a brighter summer day
Not sure I recognise them all…second one? Last one?
Do nuns feature prominently in The Mill and the Cross?
Not at all, more’s the pity, nunsploitation is always good.
I did get to see this on the big screen with a Q and A with Lech Majewski afterwards so I am happy.
It’s not worth seeing on anything other than the big screen. There is so much fine detail, it shall be lost in any other format. But I’ve a feeling that it shall pop up at film societies and festivals for maybe a little while longer.
Hanotenet (also known as The Slut)
@Florence Rolando…whose post are you referring to, exactly?
“It’s not worth seeing on anything other than the big screen.”
That’s an asinine statement. I believe The Mill and the Cross truly is a film to see on the big screen, but see it anyway you can. I saw it on a computer screen, and was able to see the pure beauty of the image.
Yes, see it on the big screen if you can, but just see it, it’s more than worth the time.
IMAGES FROM THE PHILIPPINES: 2011
Century of Birthing (Lav Diaz)
Buenas Noches, España (Raya Martin)
Palawan Fate (Auraeus Solito)
*Niño * (Loy Arcenas)
Sa Kanto ng Ulap at Lupa (Mes de Guzman)
The Moon is not Ours (Jon Lazam)
Six Degrees of Separation from Lilia Cuntapay (Antoinette Jadaone)
Dance of the Two Left Feet (Alvin Yapan)
Big Boy (Shireen Seno)
Brownout sa Neighborhood Namin That Day (Judd Figuerres)
See here for complete write up.
Some great stills here.
Weekend (Andrew Haigh)
All Watched Over by Machines of Loving Grace (Adam Curtis)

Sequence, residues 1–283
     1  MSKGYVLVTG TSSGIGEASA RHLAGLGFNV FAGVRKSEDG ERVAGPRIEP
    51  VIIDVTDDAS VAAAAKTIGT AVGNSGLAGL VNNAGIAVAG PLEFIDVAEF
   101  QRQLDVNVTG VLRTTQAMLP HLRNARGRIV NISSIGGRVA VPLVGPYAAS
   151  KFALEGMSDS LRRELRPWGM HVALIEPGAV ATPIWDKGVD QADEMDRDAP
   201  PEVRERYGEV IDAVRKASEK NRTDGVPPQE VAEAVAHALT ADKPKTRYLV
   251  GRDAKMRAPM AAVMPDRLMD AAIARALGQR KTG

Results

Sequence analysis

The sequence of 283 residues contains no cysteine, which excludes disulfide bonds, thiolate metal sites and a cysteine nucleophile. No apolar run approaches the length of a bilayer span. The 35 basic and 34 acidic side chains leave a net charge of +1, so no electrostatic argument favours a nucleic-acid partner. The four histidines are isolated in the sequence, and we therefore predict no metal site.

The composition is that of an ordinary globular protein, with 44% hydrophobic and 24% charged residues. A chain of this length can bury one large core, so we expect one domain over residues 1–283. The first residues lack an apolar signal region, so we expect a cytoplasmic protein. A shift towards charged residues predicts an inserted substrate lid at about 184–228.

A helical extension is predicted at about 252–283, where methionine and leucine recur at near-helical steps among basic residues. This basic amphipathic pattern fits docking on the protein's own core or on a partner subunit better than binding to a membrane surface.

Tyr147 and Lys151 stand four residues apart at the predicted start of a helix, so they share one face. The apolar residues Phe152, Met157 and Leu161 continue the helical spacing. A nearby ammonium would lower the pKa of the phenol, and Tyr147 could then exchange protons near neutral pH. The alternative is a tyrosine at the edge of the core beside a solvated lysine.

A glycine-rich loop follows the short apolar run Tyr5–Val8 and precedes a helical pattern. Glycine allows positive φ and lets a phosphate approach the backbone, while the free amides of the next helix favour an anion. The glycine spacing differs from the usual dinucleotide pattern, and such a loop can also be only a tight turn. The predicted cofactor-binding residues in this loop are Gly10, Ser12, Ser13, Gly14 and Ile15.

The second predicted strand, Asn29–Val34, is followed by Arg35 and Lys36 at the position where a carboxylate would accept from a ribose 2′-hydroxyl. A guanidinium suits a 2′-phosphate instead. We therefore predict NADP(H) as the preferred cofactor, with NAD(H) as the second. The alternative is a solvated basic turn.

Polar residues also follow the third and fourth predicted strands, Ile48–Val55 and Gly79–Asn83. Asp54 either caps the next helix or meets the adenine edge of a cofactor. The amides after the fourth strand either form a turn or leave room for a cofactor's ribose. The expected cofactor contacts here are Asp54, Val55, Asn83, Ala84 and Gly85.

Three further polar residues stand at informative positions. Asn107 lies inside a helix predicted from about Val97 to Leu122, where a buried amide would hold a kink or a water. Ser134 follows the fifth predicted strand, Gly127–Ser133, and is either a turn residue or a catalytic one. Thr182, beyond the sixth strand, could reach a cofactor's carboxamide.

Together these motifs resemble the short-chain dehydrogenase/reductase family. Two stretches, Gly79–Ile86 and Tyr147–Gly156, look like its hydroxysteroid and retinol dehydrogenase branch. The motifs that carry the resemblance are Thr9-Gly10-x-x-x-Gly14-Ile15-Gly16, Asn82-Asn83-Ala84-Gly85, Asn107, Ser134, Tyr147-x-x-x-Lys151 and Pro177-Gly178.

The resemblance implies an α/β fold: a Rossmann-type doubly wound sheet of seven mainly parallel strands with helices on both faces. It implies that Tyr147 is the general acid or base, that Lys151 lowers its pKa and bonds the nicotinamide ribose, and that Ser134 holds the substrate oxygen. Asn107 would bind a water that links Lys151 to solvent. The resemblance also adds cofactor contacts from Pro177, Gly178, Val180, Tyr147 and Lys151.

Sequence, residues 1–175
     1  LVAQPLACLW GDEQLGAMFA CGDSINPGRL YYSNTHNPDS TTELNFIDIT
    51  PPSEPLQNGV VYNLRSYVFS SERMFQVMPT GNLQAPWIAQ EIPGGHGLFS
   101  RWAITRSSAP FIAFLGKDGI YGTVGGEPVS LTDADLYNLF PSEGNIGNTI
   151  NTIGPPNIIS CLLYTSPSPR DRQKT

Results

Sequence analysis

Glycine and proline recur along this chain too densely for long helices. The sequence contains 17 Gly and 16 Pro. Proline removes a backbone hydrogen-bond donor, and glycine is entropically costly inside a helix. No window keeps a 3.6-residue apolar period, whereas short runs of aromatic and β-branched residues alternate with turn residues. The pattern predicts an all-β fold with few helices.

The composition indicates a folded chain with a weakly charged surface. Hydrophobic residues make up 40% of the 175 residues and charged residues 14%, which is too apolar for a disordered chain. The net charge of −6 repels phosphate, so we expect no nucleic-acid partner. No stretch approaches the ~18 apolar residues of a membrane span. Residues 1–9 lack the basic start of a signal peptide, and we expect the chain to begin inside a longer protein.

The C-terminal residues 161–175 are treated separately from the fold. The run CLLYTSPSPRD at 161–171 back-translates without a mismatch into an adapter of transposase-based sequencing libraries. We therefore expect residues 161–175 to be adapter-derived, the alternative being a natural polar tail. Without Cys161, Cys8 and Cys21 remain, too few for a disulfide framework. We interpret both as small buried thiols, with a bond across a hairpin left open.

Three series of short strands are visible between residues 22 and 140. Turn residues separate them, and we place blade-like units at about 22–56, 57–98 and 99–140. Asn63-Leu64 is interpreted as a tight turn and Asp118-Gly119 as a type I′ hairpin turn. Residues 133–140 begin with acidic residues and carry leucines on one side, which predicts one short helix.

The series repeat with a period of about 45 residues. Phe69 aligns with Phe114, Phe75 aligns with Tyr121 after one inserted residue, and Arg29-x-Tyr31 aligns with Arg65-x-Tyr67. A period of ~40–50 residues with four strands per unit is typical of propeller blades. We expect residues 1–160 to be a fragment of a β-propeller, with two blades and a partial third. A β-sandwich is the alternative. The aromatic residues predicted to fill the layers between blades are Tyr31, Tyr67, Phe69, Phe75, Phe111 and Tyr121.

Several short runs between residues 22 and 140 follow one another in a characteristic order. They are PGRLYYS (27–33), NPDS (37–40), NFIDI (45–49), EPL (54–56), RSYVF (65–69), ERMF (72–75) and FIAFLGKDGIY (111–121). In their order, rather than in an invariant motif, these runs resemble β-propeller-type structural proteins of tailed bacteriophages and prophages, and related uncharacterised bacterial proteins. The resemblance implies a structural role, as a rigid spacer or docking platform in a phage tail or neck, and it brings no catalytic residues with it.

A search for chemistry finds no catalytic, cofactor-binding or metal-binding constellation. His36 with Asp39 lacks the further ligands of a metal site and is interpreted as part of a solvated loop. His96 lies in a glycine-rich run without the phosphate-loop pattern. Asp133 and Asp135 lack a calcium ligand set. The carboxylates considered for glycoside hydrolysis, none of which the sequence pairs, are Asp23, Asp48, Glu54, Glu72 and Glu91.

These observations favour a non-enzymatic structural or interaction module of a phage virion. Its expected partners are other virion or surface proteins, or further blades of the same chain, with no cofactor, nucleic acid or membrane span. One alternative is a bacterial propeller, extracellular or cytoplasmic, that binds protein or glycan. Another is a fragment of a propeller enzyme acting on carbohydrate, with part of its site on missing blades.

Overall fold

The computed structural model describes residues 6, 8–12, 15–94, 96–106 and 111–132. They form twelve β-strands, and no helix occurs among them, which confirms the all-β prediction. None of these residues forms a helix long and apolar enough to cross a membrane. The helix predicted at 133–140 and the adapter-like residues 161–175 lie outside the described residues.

Those stills from the Filipino films look great, Adrian. Quite a few on there to add to my watch-list.
Lav Diaz is one of the most uncompromising directors out there. On that level it makes him very respectable, but his films are not easy to sit through.
Mysteries of Lisbon Raúl Ruiz
@Florence…second one is Contagion, last one is Sleeping Beauty (by Julia Leigh, not Catherine Breillat).
Crazy Horse (Frederick Wiseman)
MIDNIGHT IN PARIS (Woody Allen)
Wow, this thread is great for making me want to see some of these films.
That’s just about the most elitist statement I’ve seen around here. Only an infinitesimally small portion of the people at this site and cinephiles all over the have an opportunity to see The Mill and the Cross on the big screen. Saying that all those people should just skip seeing the film altogether is indeed asinine. Of course, it’s the kind of film that should be watched on the big screen if one is given that opportunity, but observant viewers can still get plenty out of it in other viewing formats too. I know I got plenty out of it.
The Day He Arrives (Hong Sang-soo)